[lldb-dev] LLDB Evolution - Final Form

Zachary Turner via lldb-dev lldb-dev at lists.llvm.org
Mon Sep 19 14:11:56 PDT 2016

On Mon, Sep 19, 2016 at 2:02 PM Greg Clayton <gclayton at apple.com> wrote:

> >               • Separate testing tools
> >                       • One question that remains open is how to
> represent the complicated needs of a debugger in lit tests.  Part a) above
> covers the trivial cases, but what about the difficult cases?  In
> https://reviews.llvm.org/D24591 a number of ideas were discussed.  We
> started getting to this idea towards the end, about a separate tool which
> has an interface independent of the command line interface and which can be
> used to test.  lldb-mi was mentioned.  While I have serious concerns about
> lldb-mi due to its poorly written and tested codebase, I do agree in
> principle with the methodology.  In fact, this is the entire philosophy
> behind lit as used with LLVM, clang, lld, etc.
> We have a public API... Why are we going to go and spend _any_ time on
> doing anything else? I just don't get it. What a waste of time. We have a
> public API. Lets use it. Not simple enough for people? Tough. Testing a
> debugger should be done using the public API except when we are actually
> trying to test the LLDB command line in pexpect like tests. Those and only
> those are fine to covert over to using LIT and use text scraping. But 95%
> of our testing should be done using the API that our IDEs use. Using MI?
> Please no.

FWIW, I agree with you about mi.

That said, the public api is problematic.  Here you've got an API which,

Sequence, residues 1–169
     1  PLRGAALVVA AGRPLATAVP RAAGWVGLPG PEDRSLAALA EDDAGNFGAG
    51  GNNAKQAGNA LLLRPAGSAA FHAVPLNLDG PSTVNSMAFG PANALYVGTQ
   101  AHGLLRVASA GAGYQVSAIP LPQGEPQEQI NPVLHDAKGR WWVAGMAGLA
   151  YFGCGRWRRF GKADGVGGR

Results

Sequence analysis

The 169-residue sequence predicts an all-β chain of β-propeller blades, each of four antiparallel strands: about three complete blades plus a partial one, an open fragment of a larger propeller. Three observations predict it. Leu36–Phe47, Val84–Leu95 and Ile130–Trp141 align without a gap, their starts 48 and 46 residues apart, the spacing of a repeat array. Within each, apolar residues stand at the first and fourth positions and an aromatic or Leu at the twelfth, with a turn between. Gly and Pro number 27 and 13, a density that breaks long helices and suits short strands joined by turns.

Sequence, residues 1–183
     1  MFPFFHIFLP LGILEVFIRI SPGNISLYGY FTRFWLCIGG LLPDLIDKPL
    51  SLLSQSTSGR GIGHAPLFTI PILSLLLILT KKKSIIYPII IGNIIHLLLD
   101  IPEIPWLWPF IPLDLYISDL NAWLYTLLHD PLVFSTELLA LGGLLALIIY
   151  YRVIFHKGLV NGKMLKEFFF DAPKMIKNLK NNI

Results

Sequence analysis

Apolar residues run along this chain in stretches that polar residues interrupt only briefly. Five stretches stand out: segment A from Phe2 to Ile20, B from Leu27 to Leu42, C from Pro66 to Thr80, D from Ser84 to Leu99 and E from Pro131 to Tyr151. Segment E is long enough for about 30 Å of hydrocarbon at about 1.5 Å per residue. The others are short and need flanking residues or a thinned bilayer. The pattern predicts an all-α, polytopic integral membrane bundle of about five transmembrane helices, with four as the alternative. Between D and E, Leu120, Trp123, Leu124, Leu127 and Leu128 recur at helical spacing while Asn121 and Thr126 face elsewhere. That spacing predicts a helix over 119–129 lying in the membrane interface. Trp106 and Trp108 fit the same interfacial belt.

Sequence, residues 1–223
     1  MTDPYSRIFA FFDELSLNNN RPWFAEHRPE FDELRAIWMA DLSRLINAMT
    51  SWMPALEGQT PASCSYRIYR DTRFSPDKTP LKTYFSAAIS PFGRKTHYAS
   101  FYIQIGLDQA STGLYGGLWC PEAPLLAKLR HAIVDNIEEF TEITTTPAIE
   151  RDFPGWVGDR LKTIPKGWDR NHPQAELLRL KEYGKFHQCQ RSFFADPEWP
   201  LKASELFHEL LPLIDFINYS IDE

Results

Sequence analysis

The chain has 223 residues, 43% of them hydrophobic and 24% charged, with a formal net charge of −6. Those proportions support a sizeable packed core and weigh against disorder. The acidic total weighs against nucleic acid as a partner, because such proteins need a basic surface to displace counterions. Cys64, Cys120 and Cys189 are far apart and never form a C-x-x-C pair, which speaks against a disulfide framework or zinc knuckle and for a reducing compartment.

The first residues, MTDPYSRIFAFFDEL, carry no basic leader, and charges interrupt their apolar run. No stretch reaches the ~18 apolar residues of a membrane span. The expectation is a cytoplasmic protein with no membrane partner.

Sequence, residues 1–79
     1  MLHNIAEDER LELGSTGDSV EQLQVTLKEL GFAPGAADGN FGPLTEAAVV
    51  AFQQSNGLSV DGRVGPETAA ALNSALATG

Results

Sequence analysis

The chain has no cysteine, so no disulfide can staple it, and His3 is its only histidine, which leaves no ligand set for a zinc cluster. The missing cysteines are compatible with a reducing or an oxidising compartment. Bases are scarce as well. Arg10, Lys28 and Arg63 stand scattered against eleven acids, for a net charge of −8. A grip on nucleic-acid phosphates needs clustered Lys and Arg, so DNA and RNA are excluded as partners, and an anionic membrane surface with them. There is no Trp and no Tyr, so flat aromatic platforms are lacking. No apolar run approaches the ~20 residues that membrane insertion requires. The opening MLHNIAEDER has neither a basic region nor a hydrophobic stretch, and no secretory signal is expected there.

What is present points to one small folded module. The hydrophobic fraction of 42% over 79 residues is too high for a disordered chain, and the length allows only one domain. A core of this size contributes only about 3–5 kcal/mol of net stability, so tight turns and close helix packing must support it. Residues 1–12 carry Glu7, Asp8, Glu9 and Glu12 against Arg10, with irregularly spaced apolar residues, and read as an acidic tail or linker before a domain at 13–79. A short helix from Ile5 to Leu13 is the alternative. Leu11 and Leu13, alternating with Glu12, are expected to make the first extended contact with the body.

once you do something to, is set in stone forever.  And yet in order to
test something, you have to add it to the API.  So now, in order to test
something, you have to make a permanent change to a public API that can
never be undone.

It's also a public facing API, when a lot of the stuff  we need to be able
to look at and inspect is not really suitable for public consumption.

If something is a public API that can never be changed once it's added,
then there should be an extremely strict review process in order to add
something to it.  It should be VERY HARD to modify (it's currently not,
which is a debate for another day, but anyway...).  And yet that's
fundamentally incompatible with having tests be easy to write.  When it's
hard to add the thing you need to add in order to write the test, then it's
hard to write the test.

Furthermore, with a system such as the one I proposed, you could even run
tests with LLDB_DISABLE_PYTHON.  IDK about you, but that would be *amazing*
from my point of view.  Even though I spent months making Python 3 work, I
would be happy to burn it all with fire and go back to just Python 2 if we
had a viable testing strategy.
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